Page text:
Organic cotton fabrics are produced in small batches due to lower demand, which increases the cost, that otherwise could be lowered through economies of scale.
On the other side, the demand is low in mass-market, as it increases overall price.
Same applies to Natural Dyes, which have a couple of additional challenges. Most designers and manufacturers use Pantone Colour scheme, which has over 1100 unique spot colours. It is impossible to produce all these colours using herbal dyes.
Moreover, natural dyeing with current methods (100% manual) adds about 10% lead-time (compared to conventional dyeing) to the fabric manufacturing process. 

How much is the saving in natural resources when upcycling?

We conducted an abstract LCA of silk. Silk production has relatively low environmental impact compared to its substitutes (polyester). 1 Kg of handwoven silk production emits approximately 13.5 Kgs of CO2. The problem is that, although silk is a natural fibre, needs use of fertilizers, pesticides, and other chemicals during the process. Hence, silk has an indirect impact on the environment. Therefore, upcycling silk Saree into dresses could be considered a reasonably high impact solution.

What is the average price of a saree and at what % of the price you buy the used ones?

Silk Sarees range from USD 30 to USD 10000. However, we upcycle sarees that range from USD 30 to USD 150. We pay up to 20% of the current market price of the saree or give merchandising in exchange for up to 30% in value. 

Ph : Saree.
Source : Ethique Chic website www.ethiquechic.com.

The prices of the cotton dresses are extremely good: how can you keep these prices?

We believe in fair share. Our pricing is configured for a low gross-margin of under 30%. We would be happy with the net-income that pays our bills and keeps our business financially sustainable and scalable.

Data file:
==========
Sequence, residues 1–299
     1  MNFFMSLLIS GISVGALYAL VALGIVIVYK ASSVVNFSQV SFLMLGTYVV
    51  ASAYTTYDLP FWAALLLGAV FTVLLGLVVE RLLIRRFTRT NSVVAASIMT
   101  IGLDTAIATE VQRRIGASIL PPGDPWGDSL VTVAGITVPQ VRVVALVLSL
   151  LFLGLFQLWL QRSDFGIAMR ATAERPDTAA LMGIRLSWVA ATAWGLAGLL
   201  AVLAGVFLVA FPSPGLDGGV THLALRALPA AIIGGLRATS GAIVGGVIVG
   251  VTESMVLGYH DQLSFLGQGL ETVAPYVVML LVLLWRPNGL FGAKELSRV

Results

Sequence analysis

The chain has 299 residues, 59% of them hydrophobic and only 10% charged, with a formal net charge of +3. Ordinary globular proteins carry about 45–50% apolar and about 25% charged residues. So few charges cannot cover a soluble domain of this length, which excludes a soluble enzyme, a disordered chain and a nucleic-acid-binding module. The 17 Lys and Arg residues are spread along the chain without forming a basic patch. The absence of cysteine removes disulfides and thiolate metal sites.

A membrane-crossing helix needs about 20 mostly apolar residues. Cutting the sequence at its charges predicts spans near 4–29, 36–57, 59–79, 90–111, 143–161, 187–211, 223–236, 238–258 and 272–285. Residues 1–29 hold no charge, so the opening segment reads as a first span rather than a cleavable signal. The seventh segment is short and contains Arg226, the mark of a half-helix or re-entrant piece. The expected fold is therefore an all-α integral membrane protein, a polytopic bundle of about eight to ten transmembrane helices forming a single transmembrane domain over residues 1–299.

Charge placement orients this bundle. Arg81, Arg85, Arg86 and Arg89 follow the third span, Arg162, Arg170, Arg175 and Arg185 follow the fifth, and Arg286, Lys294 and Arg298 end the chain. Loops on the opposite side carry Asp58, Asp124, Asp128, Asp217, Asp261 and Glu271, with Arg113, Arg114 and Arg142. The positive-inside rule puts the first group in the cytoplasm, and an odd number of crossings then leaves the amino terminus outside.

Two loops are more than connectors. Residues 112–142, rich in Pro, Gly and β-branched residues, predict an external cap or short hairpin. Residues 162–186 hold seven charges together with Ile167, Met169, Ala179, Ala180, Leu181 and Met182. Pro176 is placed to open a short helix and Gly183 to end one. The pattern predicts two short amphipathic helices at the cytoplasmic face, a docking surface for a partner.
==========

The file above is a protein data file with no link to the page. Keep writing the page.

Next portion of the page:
What is your mission?

A bee (our Logo) strives relentlessly for the benefit of its colony and the environment.
It embodies our mission of promoting Environmental Sustainability and Social Responsibility in the Apparel Industry. We want to promote a transition to Slow Fashion and make communities stronger and resilient through scalable platform model.

How is the current situation with farmers in India?

A decade ago, there was a huge clamour in the media about cotton farmers committing suicides in India. Things have changed a lot now. Most of the state governments provide subsidies and incentives for farmers, and there are numerous NGOs helping them. 
One of these is Chetna, that promotes organic cotton and protects small-hold farmers. 
It operates like a cooperative, providing free information to the member farmers and helping them sell their products for fair prices. Moreover, some of the states in India are encouraging organic farming and Zero Budget Natural Farming. 

Here you can find the link to Ethique Chic website: www.ethiquechic.com.

You can see the full video-interview on the YouTube channel : https://youtu.be/f0p8ZSC1msc.